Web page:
Today a short service is being held for Sue along with a visitation. Sue transitioned Monday morning. She left me filled with regret that I had let so many years pass when we could have been closer somehow. I could have spent the money on long distance calls. I could have spent the time writing letters. I could have managed to visit her more often somehow. My life is full of could haves. Deciding to stay in Texas caused a separation that will never be filled.
Sue was there all the time if I had bothered to reach out. But I was a very busy teacher. I was a single mother. I spent ten years with CFS and fibromyalgia. I didn’t enjoy writing letters. She was a busy wife and a busy mother. She was very active in her sons’ lives. For several years she struggled on her own life path until thirteen years ago with an addiction. Her time was also filled.
Since I retired seven years ago I had the time to get closer. She had a plan that allowed for much cheaper long distance so she would call me. She finally got a computer so we could email. We saw each other at our cousins’ reunions and I visited her several times. We finally bridged the gap between us and became closer.
There is a guest book on line. I’ve been following the entries. People from many surrounding communities are leaving comments. Sue was quiet and unassuming. But the people who got to know her found a treasure. She, because of her life experiences, became quite a counselor to many others. She was always there with her brownies and cookies and casseroles whenever she felt there was a need.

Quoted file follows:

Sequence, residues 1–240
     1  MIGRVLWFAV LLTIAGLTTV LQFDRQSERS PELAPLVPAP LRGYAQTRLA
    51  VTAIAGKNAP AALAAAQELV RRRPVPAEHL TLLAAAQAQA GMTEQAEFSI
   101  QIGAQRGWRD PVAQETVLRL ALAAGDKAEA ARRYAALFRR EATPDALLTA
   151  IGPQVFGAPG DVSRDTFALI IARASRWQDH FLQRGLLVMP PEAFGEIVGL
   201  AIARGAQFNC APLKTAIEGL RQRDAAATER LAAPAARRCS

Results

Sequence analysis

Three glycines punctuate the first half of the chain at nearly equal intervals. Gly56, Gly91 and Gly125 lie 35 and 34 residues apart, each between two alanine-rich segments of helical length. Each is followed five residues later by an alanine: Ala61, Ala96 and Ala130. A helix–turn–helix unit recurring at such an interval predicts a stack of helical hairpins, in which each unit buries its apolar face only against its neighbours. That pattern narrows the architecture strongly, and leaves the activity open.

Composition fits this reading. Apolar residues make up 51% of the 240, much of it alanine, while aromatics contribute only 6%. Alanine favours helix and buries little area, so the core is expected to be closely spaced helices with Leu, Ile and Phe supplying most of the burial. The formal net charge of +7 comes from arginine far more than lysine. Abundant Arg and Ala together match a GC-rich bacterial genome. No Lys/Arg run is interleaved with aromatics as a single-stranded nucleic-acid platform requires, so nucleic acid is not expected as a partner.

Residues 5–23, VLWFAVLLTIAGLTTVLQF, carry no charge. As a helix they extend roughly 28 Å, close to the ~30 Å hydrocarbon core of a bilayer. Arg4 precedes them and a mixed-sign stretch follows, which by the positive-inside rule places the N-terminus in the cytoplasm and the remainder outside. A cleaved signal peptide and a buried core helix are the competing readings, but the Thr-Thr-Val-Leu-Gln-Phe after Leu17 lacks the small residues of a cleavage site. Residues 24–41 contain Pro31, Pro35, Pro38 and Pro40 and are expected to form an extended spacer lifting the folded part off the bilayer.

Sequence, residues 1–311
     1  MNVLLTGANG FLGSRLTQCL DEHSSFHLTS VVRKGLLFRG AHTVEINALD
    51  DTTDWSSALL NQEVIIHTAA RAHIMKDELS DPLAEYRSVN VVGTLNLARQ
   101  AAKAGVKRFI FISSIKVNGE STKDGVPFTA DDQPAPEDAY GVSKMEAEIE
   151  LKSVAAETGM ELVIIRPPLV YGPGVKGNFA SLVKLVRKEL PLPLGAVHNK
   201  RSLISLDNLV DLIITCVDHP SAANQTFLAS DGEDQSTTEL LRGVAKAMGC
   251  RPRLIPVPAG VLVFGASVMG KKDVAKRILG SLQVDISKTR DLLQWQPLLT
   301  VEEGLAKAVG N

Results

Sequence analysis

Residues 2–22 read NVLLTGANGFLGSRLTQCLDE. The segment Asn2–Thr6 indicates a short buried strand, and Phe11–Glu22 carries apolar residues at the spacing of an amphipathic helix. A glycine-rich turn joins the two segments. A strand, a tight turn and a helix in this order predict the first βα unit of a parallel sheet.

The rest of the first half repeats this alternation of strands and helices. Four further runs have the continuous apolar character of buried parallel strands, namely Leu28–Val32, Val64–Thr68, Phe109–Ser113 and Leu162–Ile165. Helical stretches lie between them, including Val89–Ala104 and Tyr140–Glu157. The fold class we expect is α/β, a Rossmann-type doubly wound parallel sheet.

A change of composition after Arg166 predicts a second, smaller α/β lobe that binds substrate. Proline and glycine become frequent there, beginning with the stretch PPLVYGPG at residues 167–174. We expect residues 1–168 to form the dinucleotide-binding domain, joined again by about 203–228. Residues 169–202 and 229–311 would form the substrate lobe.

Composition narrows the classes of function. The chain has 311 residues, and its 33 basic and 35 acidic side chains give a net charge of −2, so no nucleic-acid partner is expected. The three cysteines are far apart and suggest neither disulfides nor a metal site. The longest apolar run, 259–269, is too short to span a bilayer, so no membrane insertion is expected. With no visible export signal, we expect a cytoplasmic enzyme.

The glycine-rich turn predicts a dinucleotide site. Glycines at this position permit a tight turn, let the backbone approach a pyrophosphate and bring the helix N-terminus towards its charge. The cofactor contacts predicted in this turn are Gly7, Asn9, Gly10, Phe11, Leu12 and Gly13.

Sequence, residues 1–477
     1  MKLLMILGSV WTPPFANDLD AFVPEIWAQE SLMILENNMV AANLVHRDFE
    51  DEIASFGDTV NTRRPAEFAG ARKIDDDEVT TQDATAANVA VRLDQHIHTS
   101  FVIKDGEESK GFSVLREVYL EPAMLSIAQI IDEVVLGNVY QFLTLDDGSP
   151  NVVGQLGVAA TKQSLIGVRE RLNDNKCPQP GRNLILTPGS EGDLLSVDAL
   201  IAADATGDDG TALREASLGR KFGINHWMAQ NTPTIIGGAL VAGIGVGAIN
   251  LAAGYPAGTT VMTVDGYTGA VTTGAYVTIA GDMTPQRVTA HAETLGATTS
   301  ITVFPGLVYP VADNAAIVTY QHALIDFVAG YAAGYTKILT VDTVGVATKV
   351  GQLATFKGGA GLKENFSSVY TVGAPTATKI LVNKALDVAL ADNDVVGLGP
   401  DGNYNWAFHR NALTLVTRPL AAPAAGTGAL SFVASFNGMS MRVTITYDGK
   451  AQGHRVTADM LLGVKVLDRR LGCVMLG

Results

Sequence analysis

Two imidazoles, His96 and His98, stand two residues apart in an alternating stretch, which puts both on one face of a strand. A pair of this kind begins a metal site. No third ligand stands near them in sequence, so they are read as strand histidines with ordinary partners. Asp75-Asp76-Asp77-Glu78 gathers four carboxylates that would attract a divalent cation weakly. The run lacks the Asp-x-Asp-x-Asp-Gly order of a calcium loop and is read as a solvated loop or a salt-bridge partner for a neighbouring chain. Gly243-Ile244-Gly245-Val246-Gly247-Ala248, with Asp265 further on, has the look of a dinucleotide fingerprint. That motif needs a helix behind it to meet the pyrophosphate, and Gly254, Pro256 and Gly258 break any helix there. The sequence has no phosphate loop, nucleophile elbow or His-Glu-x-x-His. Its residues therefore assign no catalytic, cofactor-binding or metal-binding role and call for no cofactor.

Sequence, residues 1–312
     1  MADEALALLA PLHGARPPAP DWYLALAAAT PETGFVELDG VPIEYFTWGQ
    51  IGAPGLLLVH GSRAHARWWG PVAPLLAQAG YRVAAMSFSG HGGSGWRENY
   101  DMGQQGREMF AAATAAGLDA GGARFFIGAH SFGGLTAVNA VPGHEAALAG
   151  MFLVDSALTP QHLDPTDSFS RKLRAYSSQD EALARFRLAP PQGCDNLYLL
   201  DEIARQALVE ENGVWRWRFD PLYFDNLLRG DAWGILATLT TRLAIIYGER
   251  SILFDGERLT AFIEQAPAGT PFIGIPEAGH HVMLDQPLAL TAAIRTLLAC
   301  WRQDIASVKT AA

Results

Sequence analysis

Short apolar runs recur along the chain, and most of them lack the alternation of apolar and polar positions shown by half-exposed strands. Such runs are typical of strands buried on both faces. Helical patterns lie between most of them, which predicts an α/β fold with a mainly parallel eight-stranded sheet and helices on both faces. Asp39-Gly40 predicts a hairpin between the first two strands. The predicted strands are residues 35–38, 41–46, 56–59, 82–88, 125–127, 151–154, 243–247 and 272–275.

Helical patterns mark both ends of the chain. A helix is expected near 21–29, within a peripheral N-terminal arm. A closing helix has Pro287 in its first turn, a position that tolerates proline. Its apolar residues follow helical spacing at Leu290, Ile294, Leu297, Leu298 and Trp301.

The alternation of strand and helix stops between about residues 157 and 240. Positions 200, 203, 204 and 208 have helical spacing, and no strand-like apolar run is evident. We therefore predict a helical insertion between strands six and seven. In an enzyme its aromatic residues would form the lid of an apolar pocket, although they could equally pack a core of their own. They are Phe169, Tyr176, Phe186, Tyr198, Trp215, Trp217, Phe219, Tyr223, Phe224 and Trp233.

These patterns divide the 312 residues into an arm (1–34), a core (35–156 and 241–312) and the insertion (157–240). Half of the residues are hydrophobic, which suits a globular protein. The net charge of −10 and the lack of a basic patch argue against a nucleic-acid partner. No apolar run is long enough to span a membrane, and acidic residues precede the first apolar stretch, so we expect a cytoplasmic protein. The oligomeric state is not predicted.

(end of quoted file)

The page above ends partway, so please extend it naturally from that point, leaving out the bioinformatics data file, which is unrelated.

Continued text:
I think she always felt “less than” because she didn’t graduate from college. She had some problems that I cannot remember ( I was in college myself at the time) and ended up with having to take one more course to complete her requirements for her B.A. I don’t remember the whole story but she called it quits instead of enduring that last semester. The world lost a great early education teacher. She taught in a private school for a few years then became a full time mother, never returning to college to obtain the needed piece of paper. Sue would have filled the love tanks for many children. She was just that kind.
Now Sue is gone. I tried several times to write this blog but it always ends up the same way. I type until the screen turns blurry and my nose starts to run.
I did not intend to blog today about this topic, but here it is. The idea for today will have to wait. This is in honor of Sue. She was the one person I could count on to read what I had to say. She seldom replied on the blog but we would talk about things I had written on the phone. She was my cheerleader. She was disappointed on days or weeks when I stopped writing, saying she missed her “Blog fix”. She was an avid follower. Many times I wrote just for her opinion. Somehow blogging knowing she is no longer reading does not seem the same.
She will be missed. She was one who did not hide her candle under a basket, even though her candle in many ways was a small one. It still gave out great warmth to those who found it. The world is a little bit darker this week. People who knew her will think of her and their hearts will feel a little bit heavy. They will sigh and swallow and perhaps shed a few tears. God, if only all of us could leave the world the same way. “Later, Sue.” Namaste. Attic Annie